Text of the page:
DRAMA IN THE CURRICULUM. By John Somers.
Cassell Pounds 13.99 0 304 32589 9.
I found the experience of reading John Somers's book rather like being on a package tour of what a tourist guide would probably call "our drama-in-education heritage".
After a brief introduction - the History and Rich Nature of the Heritage (strictly European, by the way, no echoes here of the "cultures across the world" or the new Order for music) - the author puts us on the coach and we are off. As the terrain opens up, we quickly find ourselves being whisked through the variegated landscape of school drama with chapters to visit on skills, the role of the teacher, texts, performance and so on. We make frequent, if brief, stops at features of particular interest (stage fights, costumes, problem drama, forum theatre, Shakespeare) and at the end we are given the case study of a radio play, researched by middle school pupils, to take home with us.
Unfortunately, when you are driving through it, heritage rarely comes in an intelligible order. Here, as one hurtles from hot-seating to puppetry, from concentration to rostra, it is difficult to decide where we are going and why.
While the author certainly covers his chosen ground, as readers we need a structure of understanding, a framework, to help us make sense of it all. Also, although Somers tells us a little about what is presented, like all good tour guides, he invariably leaves us panting to know more. What age-group? Is this primary work or secondary? Where does it fit? Where do we go from here?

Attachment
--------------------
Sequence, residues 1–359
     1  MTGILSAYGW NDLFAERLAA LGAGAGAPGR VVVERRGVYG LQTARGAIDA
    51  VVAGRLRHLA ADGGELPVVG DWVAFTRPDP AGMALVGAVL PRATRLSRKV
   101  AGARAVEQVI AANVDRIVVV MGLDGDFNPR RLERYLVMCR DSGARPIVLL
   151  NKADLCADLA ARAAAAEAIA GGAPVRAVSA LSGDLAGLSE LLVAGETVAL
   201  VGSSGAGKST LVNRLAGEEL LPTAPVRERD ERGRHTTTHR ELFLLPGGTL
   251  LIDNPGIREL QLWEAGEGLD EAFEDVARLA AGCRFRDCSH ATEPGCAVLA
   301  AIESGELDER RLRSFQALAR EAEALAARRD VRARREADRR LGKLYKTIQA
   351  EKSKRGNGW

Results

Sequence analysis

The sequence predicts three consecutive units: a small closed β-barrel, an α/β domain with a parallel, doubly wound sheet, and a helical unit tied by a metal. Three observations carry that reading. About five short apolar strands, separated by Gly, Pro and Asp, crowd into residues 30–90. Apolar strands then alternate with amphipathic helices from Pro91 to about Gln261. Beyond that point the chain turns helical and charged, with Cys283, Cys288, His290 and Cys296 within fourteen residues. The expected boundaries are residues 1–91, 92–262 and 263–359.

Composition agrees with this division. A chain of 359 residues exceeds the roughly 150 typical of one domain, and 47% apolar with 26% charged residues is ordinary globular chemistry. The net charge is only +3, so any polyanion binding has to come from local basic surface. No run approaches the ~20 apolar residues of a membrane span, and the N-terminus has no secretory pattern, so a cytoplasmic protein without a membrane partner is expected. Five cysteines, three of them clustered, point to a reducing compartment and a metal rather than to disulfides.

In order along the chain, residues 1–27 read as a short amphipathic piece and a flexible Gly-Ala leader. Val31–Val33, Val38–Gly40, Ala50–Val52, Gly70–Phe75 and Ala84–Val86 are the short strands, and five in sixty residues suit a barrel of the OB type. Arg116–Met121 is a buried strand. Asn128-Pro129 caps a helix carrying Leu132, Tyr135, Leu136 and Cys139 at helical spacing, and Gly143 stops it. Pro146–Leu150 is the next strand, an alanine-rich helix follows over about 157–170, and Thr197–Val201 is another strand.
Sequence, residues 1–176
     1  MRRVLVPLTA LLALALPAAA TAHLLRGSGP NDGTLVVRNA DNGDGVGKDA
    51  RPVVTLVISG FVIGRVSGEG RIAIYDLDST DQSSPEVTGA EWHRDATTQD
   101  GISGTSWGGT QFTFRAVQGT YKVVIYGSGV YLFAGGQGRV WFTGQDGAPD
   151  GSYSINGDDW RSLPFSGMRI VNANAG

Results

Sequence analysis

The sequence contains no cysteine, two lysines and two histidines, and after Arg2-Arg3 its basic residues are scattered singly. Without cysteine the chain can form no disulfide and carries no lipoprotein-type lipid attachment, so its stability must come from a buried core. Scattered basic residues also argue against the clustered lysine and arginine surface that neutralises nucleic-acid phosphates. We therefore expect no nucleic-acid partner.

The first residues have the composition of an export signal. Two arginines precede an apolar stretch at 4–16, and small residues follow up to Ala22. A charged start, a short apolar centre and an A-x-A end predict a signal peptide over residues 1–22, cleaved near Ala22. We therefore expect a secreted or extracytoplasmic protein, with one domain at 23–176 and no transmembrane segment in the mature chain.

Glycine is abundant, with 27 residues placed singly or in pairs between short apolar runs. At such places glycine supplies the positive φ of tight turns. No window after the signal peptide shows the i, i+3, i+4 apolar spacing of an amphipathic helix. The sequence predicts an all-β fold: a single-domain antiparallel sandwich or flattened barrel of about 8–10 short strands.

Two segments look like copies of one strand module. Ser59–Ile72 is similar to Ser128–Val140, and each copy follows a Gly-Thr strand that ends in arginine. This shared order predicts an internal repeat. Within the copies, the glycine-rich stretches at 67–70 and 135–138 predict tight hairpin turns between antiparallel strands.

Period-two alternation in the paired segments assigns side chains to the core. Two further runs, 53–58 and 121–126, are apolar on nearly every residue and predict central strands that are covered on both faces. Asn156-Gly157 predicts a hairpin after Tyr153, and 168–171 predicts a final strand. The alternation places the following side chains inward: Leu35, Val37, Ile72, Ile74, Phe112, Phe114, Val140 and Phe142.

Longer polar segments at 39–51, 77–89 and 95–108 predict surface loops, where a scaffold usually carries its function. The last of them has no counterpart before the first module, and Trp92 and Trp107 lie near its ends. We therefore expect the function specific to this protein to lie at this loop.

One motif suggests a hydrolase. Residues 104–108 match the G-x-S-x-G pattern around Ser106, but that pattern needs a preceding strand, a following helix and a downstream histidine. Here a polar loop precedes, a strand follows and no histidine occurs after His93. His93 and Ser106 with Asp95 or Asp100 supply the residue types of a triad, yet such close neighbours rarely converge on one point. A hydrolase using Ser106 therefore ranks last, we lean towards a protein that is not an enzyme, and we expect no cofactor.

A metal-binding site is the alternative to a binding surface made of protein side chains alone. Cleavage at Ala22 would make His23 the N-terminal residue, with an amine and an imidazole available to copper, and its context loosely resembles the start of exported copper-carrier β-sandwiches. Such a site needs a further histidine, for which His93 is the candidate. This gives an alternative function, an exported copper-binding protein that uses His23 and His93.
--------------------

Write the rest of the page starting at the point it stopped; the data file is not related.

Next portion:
The author's detailed knowledge of the national curriculum informs much of the book and is carefully used to locate drama both as an arts subject related to English and as a support for learning across the school. In view of this, it is perhaps surprising that there is nothing on progression or assessment, or indeed on how drama might be organised within a curriculum.
While the otherwise excellent chapter on Drama and Other Subjects is a mine of useful examples, there is only the briefest indication of how collaborations might work in practice. Does the drama teacher do science dramas, and if so how are these accredited within the new Order for science? Or does the science teacher do drama? I am not sure that simply advocating a "flexible approach" will be of much help to today's over-stretched secondary departments.
Drama in the Curriculum will be a valuable source of reference for anyone new to the peculiar way in which drama in schools has developed since 1945. It is comprehensive and easy to read. However, the book ultimately falls through the gap between theory and practice and may, as a result, leave both those seeking to understanding better what goes on in our drama classrooms and those who just want to know what to do with 8Z next week, frustrated.
David Hornbrook is performing arts inspector for the London Borough of Camden and an Associate Fellow of the Central School of Speech and Drama.